Metro

Mass. accountant among four charged in Panama Papers case

The building where Mossack Fonseca law firm offices are located in Panama City. The US government announced charges Tuesday against four men it said laundered money and arranged tax avoidance schemes through the Panama firm at the center of the “Panama Papers” scandal.
RODRIGO ARANGUA/AFP/Getty Images
The building where Mossack Fonseca law firm offices are located in Panama City. The US government announced charges Tuesday against four men it said laundered money and arranged tax avoidance schemes through the Panama firm at the center of the “Panama Papers” scandal.

A Massachusetts accountant was one of four men charged Tuesday in a federal court in New York with conspiracy and tax fraud in the first US indictment connected to the so-called Panama Papers.

Richard “Dick” Gaffey, 74, of Medfield, was arrested in Boston on Tuesday, according to federal authorities.

He was charged with one count each of conspiracy to commit tax evasion, wire fraud, and money laundering conspiracy and four counts of willful failure to file a Report of Foreign Bank and Financial Accounts, according to a statement from the US Department of Justice.

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Gaffey was the only American among the four charged in a decades-long scheme to defraud the United States by stashing millions of dollars in offshore shell-companies and bank accounts.

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Officials said the plot was perpetrated by a Panama-based global law firm and related entities, according to the department. The charges were revealed in an 11-count federal indictment unsealed Tuesday in New York.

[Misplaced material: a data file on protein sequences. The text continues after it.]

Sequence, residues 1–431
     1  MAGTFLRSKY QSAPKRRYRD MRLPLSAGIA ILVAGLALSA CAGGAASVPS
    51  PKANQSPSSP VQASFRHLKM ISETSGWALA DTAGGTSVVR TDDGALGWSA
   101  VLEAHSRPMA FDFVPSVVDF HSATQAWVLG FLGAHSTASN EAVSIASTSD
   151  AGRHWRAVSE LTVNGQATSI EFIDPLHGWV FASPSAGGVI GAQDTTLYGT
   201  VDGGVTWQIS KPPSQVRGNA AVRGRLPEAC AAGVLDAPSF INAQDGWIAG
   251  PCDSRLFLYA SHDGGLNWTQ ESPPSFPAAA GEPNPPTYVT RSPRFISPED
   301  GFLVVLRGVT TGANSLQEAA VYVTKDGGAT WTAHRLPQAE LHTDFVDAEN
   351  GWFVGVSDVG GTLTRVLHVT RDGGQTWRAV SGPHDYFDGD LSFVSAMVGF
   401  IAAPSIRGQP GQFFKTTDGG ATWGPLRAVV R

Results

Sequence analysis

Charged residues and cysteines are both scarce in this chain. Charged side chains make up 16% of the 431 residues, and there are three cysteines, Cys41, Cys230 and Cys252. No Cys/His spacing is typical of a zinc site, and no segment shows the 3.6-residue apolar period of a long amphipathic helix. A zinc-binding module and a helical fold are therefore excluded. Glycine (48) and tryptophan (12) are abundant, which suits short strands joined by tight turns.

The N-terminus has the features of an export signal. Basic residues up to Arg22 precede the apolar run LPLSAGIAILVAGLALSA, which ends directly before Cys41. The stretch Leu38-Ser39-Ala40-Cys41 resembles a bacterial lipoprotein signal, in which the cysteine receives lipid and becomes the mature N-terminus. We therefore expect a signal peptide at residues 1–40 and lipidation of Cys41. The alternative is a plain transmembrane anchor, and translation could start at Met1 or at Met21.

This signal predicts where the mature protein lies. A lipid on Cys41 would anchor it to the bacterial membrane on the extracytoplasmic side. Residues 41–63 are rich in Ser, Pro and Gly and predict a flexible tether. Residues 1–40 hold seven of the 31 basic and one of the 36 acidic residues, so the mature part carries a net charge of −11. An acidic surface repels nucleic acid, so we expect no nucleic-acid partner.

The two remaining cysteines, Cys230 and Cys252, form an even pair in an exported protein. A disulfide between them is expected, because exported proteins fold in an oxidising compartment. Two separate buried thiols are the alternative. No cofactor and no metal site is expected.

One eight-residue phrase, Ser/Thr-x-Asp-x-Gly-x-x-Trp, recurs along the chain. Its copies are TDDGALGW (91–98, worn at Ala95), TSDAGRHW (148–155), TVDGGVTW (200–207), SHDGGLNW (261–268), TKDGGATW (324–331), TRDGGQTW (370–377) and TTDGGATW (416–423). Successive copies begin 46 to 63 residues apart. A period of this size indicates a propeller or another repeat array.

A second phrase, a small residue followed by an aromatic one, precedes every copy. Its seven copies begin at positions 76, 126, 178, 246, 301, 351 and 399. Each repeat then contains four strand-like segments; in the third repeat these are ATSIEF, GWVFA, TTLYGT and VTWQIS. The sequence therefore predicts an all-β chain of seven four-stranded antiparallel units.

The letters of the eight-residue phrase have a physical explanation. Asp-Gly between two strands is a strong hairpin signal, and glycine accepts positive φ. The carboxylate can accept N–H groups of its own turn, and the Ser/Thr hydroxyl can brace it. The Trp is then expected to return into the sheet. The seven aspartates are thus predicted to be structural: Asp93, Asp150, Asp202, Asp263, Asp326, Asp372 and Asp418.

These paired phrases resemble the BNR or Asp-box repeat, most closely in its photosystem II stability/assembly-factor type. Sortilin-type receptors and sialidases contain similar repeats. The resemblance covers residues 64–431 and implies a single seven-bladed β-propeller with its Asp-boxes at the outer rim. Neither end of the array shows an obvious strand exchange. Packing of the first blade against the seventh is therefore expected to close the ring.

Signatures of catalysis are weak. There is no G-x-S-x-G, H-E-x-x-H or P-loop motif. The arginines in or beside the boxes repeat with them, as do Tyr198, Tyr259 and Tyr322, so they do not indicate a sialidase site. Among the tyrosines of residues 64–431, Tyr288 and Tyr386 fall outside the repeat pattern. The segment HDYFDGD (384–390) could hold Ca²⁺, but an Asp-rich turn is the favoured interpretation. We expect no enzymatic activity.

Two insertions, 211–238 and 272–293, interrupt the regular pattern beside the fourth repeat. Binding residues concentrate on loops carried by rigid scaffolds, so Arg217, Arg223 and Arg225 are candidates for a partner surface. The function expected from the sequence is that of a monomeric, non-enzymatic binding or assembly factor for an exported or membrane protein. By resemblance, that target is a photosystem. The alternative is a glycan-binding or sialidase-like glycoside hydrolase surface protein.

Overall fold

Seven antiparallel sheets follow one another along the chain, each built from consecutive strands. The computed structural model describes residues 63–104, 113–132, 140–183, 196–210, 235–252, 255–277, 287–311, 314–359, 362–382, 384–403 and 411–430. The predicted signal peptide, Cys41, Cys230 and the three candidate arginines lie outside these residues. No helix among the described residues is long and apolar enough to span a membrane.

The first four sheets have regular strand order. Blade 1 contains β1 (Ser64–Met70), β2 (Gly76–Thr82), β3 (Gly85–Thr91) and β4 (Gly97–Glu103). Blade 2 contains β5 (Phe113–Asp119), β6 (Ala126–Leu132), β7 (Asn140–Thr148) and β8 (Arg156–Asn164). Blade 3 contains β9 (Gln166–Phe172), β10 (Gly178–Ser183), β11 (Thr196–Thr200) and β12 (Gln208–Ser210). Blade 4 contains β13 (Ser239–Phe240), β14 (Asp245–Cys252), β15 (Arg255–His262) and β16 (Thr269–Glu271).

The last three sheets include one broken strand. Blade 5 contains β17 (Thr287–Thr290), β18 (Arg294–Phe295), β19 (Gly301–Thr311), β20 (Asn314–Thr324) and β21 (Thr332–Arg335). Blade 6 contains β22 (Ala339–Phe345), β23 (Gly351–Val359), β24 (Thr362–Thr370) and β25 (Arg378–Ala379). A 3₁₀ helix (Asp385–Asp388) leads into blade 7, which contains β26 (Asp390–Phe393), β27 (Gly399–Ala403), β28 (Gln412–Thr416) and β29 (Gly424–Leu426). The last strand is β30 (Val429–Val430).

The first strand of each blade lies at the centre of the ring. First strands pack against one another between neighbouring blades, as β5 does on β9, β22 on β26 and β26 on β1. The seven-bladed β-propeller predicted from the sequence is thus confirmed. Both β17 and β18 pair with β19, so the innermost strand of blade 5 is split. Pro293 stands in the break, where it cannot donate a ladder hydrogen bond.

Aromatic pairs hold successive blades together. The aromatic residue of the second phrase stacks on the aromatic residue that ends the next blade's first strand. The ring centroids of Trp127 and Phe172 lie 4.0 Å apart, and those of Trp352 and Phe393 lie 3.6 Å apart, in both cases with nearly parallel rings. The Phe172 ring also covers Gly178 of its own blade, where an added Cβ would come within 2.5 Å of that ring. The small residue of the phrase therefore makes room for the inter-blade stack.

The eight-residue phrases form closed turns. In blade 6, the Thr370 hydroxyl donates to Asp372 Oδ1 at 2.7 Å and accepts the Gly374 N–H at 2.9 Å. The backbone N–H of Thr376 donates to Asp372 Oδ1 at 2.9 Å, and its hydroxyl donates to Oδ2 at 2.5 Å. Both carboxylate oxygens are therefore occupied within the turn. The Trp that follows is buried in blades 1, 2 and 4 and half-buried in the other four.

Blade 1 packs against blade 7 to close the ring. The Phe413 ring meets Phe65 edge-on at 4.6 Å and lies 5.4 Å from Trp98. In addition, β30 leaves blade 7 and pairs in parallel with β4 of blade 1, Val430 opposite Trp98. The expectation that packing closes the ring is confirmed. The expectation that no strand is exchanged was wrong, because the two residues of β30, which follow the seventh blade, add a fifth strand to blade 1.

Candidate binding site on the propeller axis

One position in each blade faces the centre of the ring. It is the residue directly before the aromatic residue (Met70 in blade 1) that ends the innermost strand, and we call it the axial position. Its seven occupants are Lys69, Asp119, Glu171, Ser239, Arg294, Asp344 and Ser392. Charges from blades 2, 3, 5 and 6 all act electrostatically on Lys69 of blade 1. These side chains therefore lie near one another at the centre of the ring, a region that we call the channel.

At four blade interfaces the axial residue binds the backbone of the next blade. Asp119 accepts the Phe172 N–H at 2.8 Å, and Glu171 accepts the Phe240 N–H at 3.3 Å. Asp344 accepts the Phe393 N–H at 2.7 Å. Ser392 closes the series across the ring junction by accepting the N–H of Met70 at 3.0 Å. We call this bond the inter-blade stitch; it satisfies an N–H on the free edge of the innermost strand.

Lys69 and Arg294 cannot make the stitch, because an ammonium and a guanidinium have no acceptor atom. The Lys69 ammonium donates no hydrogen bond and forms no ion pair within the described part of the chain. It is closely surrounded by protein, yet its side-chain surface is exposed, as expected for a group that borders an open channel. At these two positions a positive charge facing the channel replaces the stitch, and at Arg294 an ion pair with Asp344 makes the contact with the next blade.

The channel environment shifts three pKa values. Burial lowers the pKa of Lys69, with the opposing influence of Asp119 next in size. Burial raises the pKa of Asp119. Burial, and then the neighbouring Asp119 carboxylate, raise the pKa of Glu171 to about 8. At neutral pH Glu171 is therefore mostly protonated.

The Panama Papers include a collection of 11 million secret financial documents that illustrated how some of the world’s richest people hide their money. The records were first leaked to the Suddeutsche Zeitung, a major German newspaper, and were shared with the International Consortium of Investigative Journalists, which began publishing collaborative reports with news organizations in 2016.

The repercussions of the leaks were far-ranging, prompting the resignation of the prime minister of Iceland and bringing scrutiny to the leaders of Argentina and Ukraine, Chinese politicians and Russian President Vladimir Putin, among others.

Others charged in the indictment were Ramses Owens, a 50-year-old from Panama, Dirk Brauer, a 54-year-old German citizen, and Harald Joachim Von Der Goltz, an 81-year-old German citizen, federal authorities said. All but Owens have been arrested.

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Brauer was arrested in Paris on Nov. 15. Von Der Goltz was arrested in London on Dec. 3. Owens remains at large, according to the justice department.

Gaffey is a partner at Elder, Gaffey & Paine, P.C. in Marlborough, a spokeswoman for the US Department of Justice confirmed Tuesday night.